Wayne Rosing, the engineering manager at the time, gave the go-ahead, and we raced to catch up with the rest of the Lisa team. After more than a year of looking for something highly efficient, we had come full circle, back to the more approachable, iconic, direct manipulation interface!

In retrospect

Apple Lisa 1
This image can be zoomedApple Lisa 1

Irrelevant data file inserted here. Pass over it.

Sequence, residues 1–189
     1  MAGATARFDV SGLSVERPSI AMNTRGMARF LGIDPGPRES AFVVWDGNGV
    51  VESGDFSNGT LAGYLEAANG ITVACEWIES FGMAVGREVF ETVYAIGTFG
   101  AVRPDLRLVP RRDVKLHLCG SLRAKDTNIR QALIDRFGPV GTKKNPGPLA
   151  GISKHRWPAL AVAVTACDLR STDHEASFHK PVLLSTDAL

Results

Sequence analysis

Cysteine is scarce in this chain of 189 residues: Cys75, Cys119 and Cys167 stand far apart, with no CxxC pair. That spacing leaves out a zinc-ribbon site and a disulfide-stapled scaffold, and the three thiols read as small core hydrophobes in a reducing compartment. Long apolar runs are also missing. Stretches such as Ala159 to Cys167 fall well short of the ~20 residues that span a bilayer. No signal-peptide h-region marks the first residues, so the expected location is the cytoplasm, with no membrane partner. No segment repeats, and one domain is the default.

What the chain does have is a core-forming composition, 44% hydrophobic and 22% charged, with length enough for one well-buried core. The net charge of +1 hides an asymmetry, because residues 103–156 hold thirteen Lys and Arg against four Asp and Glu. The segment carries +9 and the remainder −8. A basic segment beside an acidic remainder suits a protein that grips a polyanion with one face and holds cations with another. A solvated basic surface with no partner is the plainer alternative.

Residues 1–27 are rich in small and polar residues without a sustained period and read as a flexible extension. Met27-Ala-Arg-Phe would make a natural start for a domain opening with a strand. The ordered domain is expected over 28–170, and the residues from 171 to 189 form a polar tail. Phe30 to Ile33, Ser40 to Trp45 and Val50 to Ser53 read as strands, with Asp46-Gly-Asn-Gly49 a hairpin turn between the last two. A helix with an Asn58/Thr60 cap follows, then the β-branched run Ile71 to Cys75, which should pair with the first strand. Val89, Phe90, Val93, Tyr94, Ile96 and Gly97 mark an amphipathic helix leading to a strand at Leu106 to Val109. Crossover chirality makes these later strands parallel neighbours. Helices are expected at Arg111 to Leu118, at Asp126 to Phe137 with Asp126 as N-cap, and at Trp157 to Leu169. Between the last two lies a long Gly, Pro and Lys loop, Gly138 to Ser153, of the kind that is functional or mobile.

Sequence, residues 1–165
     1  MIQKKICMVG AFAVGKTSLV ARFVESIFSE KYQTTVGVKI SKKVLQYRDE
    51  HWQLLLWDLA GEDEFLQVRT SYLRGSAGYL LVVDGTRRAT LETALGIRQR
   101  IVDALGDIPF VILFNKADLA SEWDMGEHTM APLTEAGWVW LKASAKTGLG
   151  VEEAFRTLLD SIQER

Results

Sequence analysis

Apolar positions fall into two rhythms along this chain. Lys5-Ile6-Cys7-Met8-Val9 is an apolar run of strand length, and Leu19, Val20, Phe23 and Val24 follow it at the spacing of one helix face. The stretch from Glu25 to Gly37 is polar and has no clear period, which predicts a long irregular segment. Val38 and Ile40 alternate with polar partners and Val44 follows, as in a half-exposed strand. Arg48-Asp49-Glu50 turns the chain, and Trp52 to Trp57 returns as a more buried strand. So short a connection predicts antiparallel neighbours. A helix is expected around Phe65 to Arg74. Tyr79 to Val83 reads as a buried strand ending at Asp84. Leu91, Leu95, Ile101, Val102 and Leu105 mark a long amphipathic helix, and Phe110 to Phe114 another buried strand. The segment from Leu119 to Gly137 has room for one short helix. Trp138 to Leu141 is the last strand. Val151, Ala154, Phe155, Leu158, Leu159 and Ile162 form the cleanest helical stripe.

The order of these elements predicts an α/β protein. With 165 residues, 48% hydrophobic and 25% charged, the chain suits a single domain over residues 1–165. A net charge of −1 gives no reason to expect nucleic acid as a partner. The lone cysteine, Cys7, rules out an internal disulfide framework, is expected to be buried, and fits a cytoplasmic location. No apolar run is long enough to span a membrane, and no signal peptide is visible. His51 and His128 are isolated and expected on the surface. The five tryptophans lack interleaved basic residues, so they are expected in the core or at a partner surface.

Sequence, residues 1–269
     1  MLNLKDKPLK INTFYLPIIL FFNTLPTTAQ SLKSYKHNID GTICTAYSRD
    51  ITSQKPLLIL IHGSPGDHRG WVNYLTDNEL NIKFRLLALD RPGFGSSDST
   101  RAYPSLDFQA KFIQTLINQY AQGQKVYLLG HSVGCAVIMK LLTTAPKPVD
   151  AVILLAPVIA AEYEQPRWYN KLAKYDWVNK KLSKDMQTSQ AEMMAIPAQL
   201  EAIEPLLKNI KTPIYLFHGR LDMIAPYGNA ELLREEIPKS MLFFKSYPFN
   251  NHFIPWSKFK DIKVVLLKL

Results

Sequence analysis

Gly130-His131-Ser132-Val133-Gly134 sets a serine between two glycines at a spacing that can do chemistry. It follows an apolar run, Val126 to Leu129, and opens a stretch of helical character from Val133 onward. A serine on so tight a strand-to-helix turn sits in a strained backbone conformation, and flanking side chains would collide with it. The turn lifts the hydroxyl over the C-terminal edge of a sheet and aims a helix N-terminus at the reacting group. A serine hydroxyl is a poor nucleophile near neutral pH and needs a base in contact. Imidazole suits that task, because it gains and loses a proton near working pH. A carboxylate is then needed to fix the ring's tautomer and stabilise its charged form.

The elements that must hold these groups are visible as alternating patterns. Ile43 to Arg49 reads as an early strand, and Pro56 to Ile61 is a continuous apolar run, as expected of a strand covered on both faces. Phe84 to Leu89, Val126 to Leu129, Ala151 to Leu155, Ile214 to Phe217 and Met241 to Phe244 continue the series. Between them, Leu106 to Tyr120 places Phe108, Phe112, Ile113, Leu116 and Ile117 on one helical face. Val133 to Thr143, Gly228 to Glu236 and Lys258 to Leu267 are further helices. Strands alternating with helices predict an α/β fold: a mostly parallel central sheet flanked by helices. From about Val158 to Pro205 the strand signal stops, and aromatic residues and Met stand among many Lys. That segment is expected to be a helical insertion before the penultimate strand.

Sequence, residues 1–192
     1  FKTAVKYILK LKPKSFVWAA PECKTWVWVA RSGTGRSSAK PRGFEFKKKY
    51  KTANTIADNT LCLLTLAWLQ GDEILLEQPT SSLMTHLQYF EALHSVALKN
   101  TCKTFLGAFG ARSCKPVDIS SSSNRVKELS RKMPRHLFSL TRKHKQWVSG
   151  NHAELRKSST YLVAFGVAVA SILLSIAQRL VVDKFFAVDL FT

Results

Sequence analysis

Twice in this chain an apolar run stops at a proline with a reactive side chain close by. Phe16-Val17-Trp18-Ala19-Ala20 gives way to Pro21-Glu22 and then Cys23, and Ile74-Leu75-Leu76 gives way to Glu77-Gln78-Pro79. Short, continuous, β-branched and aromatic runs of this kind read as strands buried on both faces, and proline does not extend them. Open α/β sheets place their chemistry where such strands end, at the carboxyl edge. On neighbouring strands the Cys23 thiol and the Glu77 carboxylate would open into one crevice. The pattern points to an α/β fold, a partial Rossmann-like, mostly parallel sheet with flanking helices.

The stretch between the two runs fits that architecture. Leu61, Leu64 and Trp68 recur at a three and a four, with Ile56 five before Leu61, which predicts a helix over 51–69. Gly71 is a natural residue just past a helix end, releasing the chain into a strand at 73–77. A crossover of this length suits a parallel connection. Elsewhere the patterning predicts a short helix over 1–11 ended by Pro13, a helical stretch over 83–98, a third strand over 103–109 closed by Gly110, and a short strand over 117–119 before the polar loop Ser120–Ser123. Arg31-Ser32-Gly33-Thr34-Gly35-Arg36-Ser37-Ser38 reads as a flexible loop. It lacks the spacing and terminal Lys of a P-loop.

As we look back at our experiences on the Lisa project, there are a few points and lessons that stand out as critical to the success of the user interface. Foremost is that from the very first proposal in 1978, the focus was on the user. This approach affected not only the interface but also the underlying software and hardware. A second critical factor was that the interface was developed through experience, and was not just some programmer’s idea of what should work. This experience was gained by extensive testing on representative users and the implementation of several applications. The variety of the applications stressed the interface in unanticipated ways, highlighting weaknesses in the original design. Finally, management’s commitment to ease of use in spite of tight schedules, and strong centralized control of the user interface, encouraged the engineers to make improvements that worked within the metaphor.